Muslim Women in Current Literature

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I recent­ly decid­ed to research and write a post about pos­i­tive diverse Mus­lim female char­ac­ters in fic­tion.  That’s a mouth­ful and appar­ent­ly a lot to ask because there are few.  Very few.

Rienn Lar­bray by The Artist

My daugh­ter, also known as The Artist, as her moniker indi­cates, is an artist.  I remind her every chance I can to rep­re­sent us in her art.  Rep­re­sent means not just Mus­lims, but women and POC as well.  I always say, “If not you (us), then who?  Who bet­ter to tell our sto­ries?”  She didn’t always get it.  When she was younger, she thought I was over­ly con­scious, too mil­i­tant, too polit­i­cal, trou­ble mak­ing.

Maj­nun by The Artist

As a young adult, she is far more aware than she used to be. Now she ques­tions why ani­me and man­ga char­ac­ters, par­tic­u­lar­ly the women, seem to be cut from the same artis­tic fab­ric, long-legged, thin, fair-skinned.  She ques­tions the mind­less flesh bar­ing women in movies today.  She can’t under­stand why the default char­ac­ters in most games are white males.  She wants to know why no one in the games, and books, and movies, and ani­ma­tion she enjoys resem­bles her.  (I know that these exam­ples aren’t set in stone, but we are talk­ing about the major­i­ty here.)  I have the same ques­tions.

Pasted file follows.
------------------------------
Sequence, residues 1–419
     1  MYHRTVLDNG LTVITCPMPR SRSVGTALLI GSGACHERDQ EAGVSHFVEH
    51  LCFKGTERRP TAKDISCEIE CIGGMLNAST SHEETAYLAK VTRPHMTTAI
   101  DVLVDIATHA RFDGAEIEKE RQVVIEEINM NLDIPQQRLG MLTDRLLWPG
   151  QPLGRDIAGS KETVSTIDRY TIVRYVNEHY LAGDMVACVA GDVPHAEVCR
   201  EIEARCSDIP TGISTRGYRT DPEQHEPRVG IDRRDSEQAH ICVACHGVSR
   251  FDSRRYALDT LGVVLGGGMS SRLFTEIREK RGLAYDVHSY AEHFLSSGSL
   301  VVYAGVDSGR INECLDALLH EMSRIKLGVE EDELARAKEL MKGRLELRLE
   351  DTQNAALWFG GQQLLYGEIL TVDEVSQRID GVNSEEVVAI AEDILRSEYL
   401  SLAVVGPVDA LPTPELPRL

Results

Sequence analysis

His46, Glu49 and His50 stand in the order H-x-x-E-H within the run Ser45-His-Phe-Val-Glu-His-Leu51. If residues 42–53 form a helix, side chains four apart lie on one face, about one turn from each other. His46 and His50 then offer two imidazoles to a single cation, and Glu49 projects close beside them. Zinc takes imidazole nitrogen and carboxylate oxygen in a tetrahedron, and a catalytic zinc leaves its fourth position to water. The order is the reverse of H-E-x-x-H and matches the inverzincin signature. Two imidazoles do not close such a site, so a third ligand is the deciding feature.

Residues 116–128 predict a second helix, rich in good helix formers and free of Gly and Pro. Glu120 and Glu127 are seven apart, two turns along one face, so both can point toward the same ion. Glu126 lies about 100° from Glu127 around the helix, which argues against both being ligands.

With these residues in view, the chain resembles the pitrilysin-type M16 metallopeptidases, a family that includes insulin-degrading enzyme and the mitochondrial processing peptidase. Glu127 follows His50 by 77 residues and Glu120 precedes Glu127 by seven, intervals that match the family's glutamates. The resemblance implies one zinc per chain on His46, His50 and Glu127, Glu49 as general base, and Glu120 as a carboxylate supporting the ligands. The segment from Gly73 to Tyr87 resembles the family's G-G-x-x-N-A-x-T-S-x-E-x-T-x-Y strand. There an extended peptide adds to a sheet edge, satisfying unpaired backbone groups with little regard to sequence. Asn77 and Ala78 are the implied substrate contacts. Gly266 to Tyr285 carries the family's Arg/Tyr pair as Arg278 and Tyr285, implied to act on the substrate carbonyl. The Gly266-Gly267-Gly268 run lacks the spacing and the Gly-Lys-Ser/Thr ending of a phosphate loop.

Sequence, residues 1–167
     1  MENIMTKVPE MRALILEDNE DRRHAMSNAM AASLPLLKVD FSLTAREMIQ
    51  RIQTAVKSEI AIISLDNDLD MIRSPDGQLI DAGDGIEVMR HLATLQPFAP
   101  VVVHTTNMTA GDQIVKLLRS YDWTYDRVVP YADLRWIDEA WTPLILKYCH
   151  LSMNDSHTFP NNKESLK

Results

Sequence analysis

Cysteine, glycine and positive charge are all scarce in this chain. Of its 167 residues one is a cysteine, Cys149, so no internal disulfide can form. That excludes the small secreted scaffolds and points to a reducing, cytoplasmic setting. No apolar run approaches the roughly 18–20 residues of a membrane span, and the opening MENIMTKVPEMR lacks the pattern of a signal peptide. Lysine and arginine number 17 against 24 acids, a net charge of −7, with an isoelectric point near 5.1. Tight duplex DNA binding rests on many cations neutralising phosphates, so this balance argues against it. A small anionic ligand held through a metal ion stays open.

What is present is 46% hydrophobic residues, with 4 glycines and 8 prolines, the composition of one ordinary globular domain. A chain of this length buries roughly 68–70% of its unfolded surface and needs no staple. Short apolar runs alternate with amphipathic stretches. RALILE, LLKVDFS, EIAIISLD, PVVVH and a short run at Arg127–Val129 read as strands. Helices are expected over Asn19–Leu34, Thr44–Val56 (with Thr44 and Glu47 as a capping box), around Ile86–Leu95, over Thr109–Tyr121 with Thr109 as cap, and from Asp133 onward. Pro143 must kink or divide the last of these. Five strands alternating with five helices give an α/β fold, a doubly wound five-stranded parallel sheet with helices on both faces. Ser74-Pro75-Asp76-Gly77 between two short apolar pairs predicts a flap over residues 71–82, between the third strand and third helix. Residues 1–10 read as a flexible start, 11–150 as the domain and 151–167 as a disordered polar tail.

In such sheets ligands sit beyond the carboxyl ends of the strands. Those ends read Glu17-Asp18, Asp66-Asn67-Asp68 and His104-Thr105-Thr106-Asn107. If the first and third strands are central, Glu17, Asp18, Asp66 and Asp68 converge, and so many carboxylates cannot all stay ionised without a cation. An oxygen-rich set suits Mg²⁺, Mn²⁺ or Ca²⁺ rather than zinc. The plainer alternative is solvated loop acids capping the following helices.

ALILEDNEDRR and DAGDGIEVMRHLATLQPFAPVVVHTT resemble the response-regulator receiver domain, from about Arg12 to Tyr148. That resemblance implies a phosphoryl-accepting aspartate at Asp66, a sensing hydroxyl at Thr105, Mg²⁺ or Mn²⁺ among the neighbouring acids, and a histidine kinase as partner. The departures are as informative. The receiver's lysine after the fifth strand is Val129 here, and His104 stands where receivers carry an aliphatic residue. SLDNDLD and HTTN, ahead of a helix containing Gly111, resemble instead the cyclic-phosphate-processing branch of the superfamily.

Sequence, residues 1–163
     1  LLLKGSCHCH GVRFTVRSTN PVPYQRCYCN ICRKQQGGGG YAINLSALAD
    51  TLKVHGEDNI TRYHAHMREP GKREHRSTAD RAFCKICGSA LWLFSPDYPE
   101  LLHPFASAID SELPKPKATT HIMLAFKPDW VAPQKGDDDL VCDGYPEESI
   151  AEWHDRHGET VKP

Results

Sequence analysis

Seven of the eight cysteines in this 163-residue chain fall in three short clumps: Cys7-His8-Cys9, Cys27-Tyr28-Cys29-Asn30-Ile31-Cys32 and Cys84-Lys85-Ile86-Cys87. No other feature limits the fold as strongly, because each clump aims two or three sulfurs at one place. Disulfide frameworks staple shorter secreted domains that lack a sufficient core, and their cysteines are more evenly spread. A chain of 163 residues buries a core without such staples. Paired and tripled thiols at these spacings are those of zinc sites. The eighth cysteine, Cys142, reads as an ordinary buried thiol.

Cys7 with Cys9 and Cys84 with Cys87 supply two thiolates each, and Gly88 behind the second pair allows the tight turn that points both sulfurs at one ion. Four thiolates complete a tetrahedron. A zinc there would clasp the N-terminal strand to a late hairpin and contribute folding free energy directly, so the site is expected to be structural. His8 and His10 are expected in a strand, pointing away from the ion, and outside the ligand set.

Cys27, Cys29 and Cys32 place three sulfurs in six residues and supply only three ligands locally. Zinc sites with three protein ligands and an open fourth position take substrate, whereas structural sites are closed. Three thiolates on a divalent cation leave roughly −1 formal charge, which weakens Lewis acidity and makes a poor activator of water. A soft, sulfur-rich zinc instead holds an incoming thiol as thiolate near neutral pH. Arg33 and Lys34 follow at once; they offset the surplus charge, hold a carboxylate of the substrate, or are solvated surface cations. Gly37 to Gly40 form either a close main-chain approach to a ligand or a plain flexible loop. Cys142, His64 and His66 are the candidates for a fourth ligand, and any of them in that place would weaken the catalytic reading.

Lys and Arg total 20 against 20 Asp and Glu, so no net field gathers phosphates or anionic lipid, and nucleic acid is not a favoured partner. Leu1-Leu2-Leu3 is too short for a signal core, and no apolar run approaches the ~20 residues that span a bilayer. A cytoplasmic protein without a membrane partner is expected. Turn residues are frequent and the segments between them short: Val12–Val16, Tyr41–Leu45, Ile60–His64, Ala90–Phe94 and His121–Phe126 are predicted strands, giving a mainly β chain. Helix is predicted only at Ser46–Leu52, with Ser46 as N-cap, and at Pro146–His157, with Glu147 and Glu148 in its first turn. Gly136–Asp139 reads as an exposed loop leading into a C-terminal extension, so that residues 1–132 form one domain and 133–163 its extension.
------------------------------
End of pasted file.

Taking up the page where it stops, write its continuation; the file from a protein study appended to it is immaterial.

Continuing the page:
Now she under­stands what I’ve been say­ing.  I wish I was wrong.

BATINA THE HIDDEN
• Bati­na can blend into any back­ground and become near­ly invis­i­ble.
• She is very qui­et, and can only be detect­ed by super-sen­si­tive hear­ing like Sami’s.

A few months ago, Dr. Naif Al-Mutawa, the cre­ator of The 99 comics, agreed to an inter­view with me.  Along with vet­er­ans from Mar­vel and DC Comics Dr. Al-Mutawa cre­at­ed a cast of super heroes and hero­ines whose reli­gious back­grounds, while not clear­ly expressed, it’s under­stood that many of them are Mus­lim.  They’re all from dif­fer­ent cul­tures and coun­tries and have dif­fer­ent char­ac­ter­is­tics.  Not one of them is cook­ie cut­ter mold­ed.  But is it real­ly enough to have a few com­ic char­ac­ters?

Not to me.

MUJIBA THE RESPONDER
• Mujiba’s mind is a liv­ing library, able to read the Noor Stones and access all the knowl­edge of the books of the Dar Al-Hik­ma. She knows the square root of 363 and the engi­neer­ing prin­ci­ples behind the Pyra­mids of Giza.